The Environmental Planning and Assessment and Electoral Legislation Amendment (Planning Panels and Enforcement) Act 2017 (NSW) (the Local Planning Panel Act) and the Environmental Planning and Assessment Amendment (Staged Development Applications) Act 2017 (NSW) (the Staged Development Act) received royal assent and came into operation on 14 August 2017.

Exclusion of Councillors from development decisions

The Local Planning Panel Act requires all local councils located wholly within the Greater Sydney Region and the City of Wollongong to establish a local planning panel. Other councils can also establish local planning panels, but it is not mandatory for them to do so.

Where a local planning panel has been constituted, the Council itself will have no authority to determine any development applications and all development applications will either need to be dealt with under delegation, by the local planning panel, or by the relevant regional panel.

This is a very significant point, and one which is not clear in any of the media releases we have read relating to the introduction of local planning panels. Where a local planning panel is introduced – which will occur throughout Greater Sydney and Wollongong – all development decisions will be taken out of the hands of elected Councillors.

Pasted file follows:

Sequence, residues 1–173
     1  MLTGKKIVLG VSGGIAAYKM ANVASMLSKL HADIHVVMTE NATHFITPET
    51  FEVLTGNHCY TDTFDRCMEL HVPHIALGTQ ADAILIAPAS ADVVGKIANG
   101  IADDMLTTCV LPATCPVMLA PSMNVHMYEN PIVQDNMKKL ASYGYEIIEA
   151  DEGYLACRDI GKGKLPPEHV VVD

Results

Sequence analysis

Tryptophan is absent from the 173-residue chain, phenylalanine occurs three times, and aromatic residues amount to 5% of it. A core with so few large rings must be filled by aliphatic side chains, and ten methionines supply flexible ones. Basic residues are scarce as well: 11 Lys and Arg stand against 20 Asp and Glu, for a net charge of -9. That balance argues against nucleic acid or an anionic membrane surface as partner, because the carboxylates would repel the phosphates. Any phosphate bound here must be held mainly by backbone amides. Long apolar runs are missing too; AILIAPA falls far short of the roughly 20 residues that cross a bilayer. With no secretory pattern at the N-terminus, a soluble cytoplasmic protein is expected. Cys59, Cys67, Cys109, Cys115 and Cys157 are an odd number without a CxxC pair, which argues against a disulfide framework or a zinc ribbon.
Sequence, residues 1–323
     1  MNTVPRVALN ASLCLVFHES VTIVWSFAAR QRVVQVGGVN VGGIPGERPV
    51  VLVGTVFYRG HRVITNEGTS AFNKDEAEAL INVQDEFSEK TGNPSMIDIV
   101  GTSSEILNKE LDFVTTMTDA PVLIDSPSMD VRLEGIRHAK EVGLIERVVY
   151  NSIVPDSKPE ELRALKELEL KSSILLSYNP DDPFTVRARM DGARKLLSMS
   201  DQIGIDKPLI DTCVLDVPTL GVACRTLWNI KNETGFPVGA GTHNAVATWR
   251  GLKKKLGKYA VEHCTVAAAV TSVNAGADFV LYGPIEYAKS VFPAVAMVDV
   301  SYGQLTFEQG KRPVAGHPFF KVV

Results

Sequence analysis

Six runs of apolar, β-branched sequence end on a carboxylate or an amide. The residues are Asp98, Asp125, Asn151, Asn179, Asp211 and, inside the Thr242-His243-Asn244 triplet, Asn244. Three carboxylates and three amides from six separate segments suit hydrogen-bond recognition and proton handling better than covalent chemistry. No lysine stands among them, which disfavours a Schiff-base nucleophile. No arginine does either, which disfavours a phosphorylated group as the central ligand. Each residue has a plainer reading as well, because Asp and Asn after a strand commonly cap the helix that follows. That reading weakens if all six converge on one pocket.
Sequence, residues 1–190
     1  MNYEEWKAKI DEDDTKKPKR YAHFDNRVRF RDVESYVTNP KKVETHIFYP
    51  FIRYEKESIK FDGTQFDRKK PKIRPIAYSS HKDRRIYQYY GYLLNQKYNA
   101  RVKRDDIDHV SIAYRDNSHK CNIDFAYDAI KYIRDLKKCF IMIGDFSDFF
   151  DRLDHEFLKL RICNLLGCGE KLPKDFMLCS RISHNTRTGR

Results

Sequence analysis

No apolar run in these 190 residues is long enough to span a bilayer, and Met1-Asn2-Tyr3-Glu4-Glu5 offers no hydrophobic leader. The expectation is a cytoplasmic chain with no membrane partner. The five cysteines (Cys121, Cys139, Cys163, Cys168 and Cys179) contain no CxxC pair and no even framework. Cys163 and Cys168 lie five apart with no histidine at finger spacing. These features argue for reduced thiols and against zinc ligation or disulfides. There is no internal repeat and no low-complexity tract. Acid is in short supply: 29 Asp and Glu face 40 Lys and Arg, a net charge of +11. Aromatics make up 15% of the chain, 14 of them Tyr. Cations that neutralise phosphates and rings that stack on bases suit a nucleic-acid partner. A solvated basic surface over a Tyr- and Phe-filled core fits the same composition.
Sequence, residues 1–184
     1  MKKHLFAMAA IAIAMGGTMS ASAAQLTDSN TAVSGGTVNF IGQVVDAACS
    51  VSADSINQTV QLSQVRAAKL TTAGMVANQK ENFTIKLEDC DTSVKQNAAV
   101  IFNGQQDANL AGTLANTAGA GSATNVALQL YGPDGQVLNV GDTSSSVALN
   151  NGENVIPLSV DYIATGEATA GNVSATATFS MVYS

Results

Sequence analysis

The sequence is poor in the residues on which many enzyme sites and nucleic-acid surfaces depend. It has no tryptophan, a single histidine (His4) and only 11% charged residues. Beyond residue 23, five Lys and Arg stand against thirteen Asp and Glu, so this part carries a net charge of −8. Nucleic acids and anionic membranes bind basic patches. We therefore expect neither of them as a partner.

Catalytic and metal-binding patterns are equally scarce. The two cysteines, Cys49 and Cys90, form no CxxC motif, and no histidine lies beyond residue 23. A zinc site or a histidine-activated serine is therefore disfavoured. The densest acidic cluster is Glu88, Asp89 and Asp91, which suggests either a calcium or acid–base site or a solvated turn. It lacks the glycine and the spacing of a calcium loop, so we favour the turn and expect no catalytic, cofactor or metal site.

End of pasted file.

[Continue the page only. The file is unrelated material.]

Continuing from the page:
The Councillors will still have a role in strategic planning, although a council will be able to ask its local planning panel for advice in relation to such matters.

It is proposed that the Minister will issue a section 117 Direction to require that the following types of development applications must be determined by local planning panels:

  1. those with a capital investment value over AU$5 million;
  2. those with 10 or more objectors, or
  3. those where the landowner is a Council, Councillor, member of Council staff or a State or Federal member of Parliament.

The Local Planning Panel Act aims to reduce corruption in local councils and is modelled on giving additional power to existing Independent Hearing and Assessment Panels (IHAPs). While IHAPs are used by a number of local councils currently, their functions and operation vary widely between councils and they often are not empowered to determine development applications, instead performing a mere advisory role.

The Local Planning Panel Act empowers such panels to be the consent authority for certain types of development, and, importantly, makes the implementation of such panels mandatory across Greater Sydney and Wollongong.

Existing IHAPs will be retained under savings and transitional provisions with modifications to reshape these IHAPs into compliant Local Planning Panels.

A Local Planning Panel must include the following 4 members:

  • a Ministerially approved independent person appointed as the chairperson of the panel with relevant expertise that includes expertise in law or in government and public administration,
  • 2 other Ministerially approved independent persons with expertise in at least one area of planning, architecture, heritage, the environment, urban design, economics, traffic and transport, law, engineering, tourism or government and public administration, and